In many of the larger metropolitan areas in the Global South, there is growing rural-urban migration because of the declining yields. This results in overcrowding in the cities and a clash of cultures, making women and girls particularly vulnerable to harassment, as evidenced in the recent increasing instances of violence against women in cities such as New Delhi, India. In addition, the young men leave behind the women in the countryside to take care of the elderly and children. Women and girls however are often the last to eat in the household, but because of the limited supply of food that leads to the widespread prevalence of malnutrition.

Informal Social Capital

There is increasing evidence of the direct and indirect role of climate change in triggering conflicts in various regions of the Global South, such as the current Darfur and Syrian conflict. Because of these conflicts, many people need to flee from their homelands and move to new unfamiliar surroundings making them extremely vulnerable. Reports of violence against women and girls in the temporary settlements are very high, and the dark figures are supposed to be even higher.

Women are, in most cases, unable to build formal social capital, including decision-making processes, policies, and institutions, which deprive them when they require active support from social capital. In contrast, women have a much larger influence in building informal social capital, which immensely helps the entire society, males included, in addressing the aftermath of any climate-induced disaster.

The role of climate change on human health is well documented. As said, malnutrition and unhealthy conditions such as non-hygienic living conditions and indoor air pollution from wood or coal-burning stoves, are again particularly affecting women and girls. Furthermore, in most of the traditional societies of the Global South, women and girls are responsible for taking care of those who are unwell, which exposes them to transmitted infections.

The E3 Approach

Thus, it is clearly evident that women and girls in the Global South are disproportionately affected by the already occurring and impending impacts of climate change. In this context, it is critical to bring more balance and make progress for the overall society, through the integration of a gender perspective into the preparation, design, implementation, monitoring and evaluation of policies. In order to achieve this widespread gender mainstreaming, I suggest the E3 approach: Enumeration, Education, and Empowerment.

Enumeration: One of the major obstacles in accurately assessing the impacts of climate change on women and girls is the absence of gender disaggregated data collection. Gender and age disaggregated quantitative data are helpful in generalizing information for a larger population about differences based on gender and age.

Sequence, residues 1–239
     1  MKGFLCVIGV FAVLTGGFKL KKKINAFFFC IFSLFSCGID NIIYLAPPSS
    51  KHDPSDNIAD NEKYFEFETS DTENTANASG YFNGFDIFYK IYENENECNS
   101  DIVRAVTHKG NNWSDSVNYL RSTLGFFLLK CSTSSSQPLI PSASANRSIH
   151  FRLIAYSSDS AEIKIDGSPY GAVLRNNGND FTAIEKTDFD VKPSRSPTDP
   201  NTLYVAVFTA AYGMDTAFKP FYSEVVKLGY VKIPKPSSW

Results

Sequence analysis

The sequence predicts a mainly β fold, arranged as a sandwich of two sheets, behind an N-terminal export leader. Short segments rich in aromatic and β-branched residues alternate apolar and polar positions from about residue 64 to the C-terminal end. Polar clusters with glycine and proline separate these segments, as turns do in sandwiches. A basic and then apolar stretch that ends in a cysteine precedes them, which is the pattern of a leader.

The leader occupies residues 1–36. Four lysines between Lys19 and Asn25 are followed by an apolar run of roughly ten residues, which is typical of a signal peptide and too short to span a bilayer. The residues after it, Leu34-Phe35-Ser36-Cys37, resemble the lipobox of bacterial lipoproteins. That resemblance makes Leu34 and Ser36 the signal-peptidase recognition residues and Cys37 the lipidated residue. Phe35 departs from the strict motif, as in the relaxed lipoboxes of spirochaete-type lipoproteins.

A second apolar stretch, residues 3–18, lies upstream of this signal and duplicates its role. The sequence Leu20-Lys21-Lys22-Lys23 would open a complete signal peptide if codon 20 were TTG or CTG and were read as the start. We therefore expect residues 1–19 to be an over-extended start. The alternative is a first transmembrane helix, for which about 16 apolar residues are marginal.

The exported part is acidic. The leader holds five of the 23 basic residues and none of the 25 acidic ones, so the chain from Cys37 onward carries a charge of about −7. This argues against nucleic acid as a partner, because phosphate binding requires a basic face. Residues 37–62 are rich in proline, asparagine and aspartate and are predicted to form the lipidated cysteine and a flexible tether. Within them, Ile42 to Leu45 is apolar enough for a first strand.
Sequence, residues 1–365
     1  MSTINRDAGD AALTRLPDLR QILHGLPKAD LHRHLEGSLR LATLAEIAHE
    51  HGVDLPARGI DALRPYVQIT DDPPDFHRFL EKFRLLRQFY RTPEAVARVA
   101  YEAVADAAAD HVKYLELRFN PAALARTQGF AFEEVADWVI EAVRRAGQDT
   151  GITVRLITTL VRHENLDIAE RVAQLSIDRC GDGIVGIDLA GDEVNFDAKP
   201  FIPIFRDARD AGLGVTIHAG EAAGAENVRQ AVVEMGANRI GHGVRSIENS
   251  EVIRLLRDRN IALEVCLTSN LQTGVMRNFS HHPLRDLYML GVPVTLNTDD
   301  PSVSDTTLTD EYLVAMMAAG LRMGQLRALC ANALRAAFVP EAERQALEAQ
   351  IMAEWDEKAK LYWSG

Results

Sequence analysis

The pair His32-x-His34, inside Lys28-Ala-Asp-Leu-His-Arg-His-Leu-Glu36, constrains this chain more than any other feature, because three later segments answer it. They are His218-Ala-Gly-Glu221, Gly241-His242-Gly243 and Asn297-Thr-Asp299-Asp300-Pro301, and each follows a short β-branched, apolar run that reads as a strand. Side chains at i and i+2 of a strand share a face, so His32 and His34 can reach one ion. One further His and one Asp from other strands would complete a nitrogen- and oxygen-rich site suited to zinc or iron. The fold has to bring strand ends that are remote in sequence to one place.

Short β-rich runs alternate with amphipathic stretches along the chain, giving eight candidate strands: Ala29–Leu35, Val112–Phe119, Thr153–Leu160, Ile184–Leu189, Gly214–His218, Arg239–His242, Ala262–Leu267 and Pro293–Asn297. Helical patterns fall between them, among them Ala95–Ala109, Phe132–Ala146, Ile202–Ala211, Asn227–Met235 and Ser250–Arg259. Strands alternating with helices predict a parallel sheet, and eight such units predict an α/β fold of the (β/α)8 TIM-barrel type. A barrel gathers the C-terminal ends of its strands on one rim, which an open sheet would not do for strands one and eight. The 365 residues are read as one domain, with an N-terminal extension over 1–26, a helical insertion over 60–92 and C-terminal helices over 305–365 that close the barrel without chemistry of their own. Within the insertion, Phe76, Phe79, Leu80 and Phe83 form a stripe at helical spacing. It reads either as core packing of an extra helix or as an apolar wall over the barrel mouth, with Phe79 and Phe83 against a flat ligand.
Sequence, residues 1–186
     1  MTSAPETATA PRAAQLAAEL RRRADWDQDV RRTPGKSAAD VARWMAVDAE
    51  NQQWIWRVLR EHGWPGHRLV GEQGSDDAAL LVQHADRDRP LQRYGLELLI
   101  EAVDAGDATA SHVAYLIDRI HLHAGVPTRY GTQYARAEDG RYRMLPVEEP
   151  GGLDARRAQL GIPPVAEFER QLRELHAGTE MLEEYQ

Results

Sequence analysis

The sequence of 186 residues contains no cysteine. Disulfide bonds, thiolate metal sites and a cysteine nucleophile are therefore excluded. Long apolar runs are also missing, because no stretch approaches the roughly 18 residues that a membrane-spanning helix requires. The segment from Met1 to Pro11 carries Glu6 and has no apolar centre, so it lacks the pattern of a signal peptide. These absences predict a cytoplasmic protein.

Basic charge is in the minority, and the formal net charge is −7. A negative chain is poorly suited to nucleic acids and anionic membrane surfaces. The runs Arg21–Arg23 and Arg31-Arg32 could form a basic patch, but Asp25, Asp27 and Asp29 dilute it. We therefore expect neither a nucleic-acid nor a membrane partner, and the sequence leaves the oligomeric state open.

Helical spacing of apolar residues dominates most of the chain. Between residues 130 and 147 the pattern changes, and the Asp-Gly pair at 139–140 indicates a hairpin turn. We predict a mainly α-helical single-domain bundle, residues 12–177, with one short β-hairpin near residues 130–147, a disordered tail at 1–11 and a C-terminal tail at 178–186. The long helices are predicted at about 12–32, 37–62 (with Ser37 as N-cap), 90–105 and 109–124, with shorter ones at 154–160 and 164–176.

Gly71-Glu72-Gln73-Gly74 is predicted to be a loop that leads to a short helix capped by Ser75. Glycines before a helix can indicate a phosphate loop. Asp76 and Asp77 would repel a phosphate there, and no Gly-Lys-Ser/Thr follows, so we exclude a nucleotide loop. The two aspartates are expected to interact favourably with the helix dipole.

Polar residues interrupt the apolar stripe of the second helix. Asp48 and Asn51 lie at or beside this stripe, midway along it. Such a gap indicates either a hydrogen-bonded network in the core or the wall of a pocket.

Education: One of the best investments for the overall progress of society is in girls’ education, health, and safety. Investing at an earlier age ensures that they grow up as more aware and empowered human beings, who can not only speak for themselves but can also, care for their families. This ensures the overall long-term well-being of society. It is estimated that an extra year in primary school can result in increased adult wages of 10 to 20 percent, which increases to 15 to 25 percent because of an extra year in secondary school. Given the projected climate changes, the time they spend on these daily chores will only increase, so they will spend less time in school. 

Empowerment:  Not only is it important to address gender inequality in the Global South but there needs to be much more discussion about women's empowerment in terms of adaptation and mitigation strategies. The lack of power and limited access to financial resources puts women at a disadvantage to adapt to the impacts of climate change. Nevertheless, there is widespread evidence of the critical role of women in the conservation and reforestation efforts, particularly in the rural areas of the Global South. 

Educating and empowering girls from an early age will not only reduce the gender gaps in general but also help create awareness among future generations. Creating more gender-sensitive initiatives will result in more awareness and understanding of the general well-being of the entire population. The gender gaps can be reduced by adopting an explicit gender-sensitive approach in policy development at all levels. Without that, the marginalized and the poor, the majority of whom are women, will be more and more disadvantaged. Involving them in the decision-making process related to land management and agriculture will ensure greater food security and better overall health of the family. The benefits of gender mainstreaming can undeniably contribute to climate change adaptation and the prevention of its negative impacts.